Gerry Canavan

the smartest kid on earth

The First Step Is to Smash the Existing Liberal Coalition

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It’s no surprise that publications like The Nation, no matter how earnest in their opposition to the worst excesses of the Clinton or Obama administrations, have been prone to paint too many segments of the diverse Democratic Party as good-faith partners with progressives. Case in point: during last year’s labor dispute, in her “Sister Citizen” column [October 8], Melissa Harris-Perry equivocated between the insurgent Chicago Teachers Union and Democratic Mayor Rahm Emanuel. Instead of closing ranks and protecting a vulnerable union during an important fight, she pitied the children stuck “between the leaders and teachers who are supposed to have their best interests at heart but who seem willing to allow this generation to be lost.” There was no deeper analysis of the stakes of the dispute or acknowledgment that the demands of the teachers—geared almost entirely toward student needs—enjoyed high levels of community support. Political conflict itself was painted as regrettable, and perhaps because Emanuel was a prominent Democratic leader, as a kind of fratricide.

Bhaskar Sunkara, Letter to ‘The Nation’ From a Young Radical.

Which is to say that the left needs a plan—a plan that must incorporate more moderate allies. American radicalism has had a complex and at times contradictory association with liberalism. At the peak of the socialist movement, leftists fed off liberal victories. Radicals, in turn, have added coherence and punch to every key liberal struggle and advance of the past century. Such a mutually beneficial alliance could be in the works again. The first step is to smash the existing liberal coalition and rebuild it on a radically different basis.

Socialists must urgently show progressives how alien the technocratic liberal worldview is to the goals of welfare-state liberalism—goals held by the rank and file of the liberal movement. The ground can be softened at the intellectual and cultural levels, but a schism will have to be forced through actual struggle. Broad anti-austerity coalitions, particularly those centered at the state and municipal levels like last year’s Chicago Teachers Union strike, point the way toward new coalitions between leftists and liberals committed to defending social goods, especially if that means standing up against pro-corporate members of the Democratic Party like Rahm Emanuel.

UPDATE: Malcolm Harris links to this “useful idiots” piece as a retort:

These are points Sunkara recognizes. His cri de coeur hopes that “a new organization would focus on anti-austerity and work hand-in-hand with liberal allies who want to see the welfare state rebuilt.” While his ultimate aim of going “beyond liberalism’s limits” is beyond quixotic, that’s a feature, not a bug, from a progressive point of view. If history is any guide, American radicals end up furthering the objectives they share with liberals, like expanding the welfare state, while failing abjectly to advance the ones they don’t, like the abolition of private property or the overthrow of the constitutional order. So long as radicals eschew the use of political violence, something progressives unflinchingly oppose on both principled and practical grounds, there’s little to fear, and potentially something to gain, from a rebirth of America’s leftist dreamers.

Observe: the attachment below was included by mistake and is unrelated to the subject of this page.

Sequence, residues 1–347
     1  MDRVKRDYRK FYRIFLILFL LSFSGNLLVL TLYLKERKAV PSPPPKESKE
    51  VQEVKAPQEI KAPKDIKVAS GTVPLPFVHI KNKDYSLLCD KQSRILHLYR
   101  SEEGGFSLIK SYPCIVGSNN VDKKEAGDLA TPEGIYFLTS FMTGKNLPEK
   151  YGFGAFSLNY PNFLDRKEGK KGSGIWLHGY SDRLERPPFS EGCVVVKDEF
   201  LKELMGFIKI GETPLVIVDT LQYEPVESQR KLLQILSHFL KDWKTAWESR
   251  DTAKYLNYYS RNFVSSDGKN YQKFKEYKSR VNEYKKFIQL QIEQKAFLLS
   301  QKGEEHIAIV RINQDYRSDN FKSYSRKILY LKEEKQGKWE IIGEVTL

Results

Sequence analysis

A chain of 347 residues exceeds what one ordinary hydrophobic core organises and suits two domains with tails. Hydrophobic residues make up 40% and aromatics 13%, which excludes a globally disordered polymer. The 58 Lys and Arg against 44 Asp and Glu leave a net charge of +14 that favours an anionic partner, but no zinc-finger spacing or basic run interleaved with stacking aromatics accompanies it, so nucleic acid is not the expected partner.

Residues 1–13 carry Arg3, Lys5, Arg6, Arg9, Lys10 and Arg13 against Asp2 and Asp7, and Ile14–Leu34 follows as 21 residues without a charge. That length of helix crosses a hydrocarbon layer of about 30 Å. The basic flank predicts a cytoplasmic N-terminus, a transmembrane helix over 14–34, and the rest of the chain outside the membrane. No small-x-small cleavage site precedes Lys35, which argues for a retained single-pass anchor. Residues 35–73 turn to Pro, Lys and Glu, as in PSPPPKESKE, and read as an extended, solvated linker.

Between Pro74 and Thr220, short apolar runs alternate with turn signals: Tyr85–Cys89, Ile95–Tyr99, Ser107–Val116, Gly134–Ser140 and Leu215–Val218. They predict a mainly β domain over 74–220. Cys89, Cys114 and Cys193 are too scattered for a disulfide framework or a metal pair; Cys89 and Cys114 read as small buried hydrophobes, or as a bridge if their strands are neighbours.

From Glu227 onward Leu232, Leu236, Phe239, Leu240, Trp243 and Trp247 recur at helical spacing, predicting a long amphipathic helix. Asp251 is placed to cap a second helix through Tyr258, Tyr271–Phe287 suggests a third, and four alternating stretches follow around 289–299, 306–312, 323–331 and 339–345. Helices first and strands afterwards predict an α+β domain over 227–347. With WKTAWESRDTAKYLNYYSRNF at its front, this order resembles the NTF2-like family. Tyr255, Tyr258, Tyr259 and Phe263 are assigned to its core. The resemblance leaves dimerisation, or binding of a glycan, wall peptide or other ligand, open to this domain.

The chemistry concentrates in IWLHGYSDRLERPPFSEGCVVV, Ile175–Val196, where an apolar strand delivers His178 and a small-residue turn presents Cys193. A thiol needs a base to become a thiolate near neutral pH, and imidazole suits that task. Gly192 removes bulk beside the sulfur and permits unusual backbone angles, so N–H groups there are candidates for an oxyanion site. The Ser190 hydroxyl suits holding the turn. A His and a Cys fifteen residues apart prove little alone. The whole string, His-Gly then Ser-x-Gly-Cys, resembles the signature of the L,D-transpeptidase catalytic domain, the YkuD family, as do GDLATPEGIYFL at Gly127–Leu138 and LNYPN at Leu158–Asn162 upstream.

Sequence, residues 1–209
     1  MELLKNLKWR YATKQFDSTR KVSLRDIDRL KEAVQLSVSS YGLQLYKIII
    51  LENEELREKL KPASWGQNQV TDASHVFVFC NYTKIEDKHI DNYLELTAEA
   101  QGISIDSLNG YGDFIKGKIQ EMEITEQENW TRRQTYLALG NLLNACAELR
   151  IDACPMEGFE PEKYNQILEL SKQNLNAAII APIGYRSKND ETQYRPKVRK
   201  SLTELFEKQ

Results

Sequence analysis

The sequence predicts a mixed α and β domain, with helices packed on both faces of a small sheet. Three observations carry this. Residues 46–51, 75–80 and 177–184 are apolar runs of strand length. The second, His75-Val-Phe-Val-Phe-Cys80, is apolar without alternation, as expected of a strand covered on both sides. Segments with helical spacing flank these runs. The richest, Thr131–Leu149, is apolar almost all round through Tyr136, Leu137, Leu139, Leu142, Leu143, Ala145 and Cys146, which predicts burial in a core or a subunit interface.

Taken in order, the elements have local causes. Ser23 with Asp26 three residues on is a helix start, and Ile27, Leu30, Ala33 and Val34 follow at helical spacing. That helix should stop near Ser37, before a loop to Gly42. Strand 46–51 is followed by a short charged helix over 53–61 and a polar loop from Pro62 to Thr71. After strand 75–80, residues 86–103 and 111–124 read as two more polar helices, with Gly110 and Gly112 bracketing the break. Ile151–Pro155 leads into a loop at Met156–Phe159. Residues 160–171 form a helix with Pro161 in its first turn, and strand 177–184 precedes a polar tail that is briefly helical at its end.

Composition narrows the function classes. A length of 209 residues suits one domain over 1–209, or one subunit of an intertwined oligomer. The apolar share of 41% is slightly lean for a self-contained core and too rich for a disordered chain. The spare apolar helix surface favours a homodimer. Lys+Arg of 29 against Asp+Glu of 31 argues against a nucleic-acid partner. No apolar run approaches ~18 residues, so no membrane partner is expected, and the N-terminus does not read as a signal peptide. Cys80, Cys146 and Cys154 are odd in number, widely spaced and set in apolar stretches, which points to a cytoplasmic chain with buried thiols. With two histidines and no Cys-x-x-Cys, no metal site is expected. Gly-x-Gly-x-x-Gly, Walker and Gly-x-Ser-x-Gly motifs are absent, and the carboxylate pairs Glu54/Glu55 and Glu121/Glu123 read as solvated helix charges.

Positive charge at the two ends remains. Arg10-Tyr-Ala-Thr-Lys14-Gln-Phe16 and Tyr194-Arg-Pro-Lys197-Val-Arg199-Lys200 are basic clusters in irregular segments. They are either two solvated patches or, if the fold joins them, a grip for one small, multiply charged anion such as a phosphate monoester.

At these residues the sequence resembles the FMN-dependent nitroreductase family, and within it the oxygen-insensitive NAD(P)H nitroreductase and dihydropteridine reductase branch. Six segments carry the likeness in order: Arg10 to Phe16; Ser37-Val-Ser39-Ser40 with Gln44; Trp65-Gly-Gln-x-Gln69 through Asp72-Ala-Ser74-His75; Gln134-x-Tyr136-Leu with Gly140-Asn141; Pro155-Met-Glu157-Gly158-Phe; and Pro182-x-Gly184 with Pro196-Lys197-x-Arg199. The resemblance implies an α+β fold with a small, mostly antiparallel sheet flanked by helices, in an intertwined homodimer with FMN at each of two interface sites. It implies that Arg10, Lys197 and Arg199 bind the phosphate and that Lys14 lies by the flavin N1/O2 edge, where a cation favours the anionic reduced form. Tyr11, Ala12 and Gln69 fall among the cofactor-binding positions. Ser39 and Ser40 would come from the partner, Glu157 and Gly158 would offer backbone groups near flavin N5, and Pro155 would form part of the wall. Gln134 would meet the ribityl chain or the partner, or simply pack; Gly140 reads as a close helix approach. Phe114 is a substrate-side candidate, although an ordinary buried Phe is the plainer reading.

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  1. The largest possible coalition is necessary to reverse the disastrous neoliberal race to the bottom. Agreed.

    But I have to question this passage: “At the peak of the socialist movement, leftists fed off liberal victories.” It’s actually the other way around — liberal victories came because of socialist and other radical agitation and organizing. Liberal victories are compromises made by the state in order to head off more radical demands.

    I think a major problem is that liberalism is intellectually bankrupt; Barack Obama and Rahm Emanuel embody all too well this bankruptcy: They see no alternative to neoliberalism and the conservative assault on society (especially working people) because they share that worldview; they are Democrats because they’d like to soften it a bit around the edges, whereas Republicans are all in.

    Since conservatives believe in their agenda (horrid though it is), they are fierce in working for it, whereas liberals, caught in their contradictions between believing neoliberal capitalism is the only possible way to organize society and their discomfort with the logical outcomes of that organization, are unable to articulate a coherent program. Unable to move independently, inertia propels them down the path led by the more energetic — neoliberal advocates.

    Systemic Disorder

    May 29, 2013 at 12:57 pm


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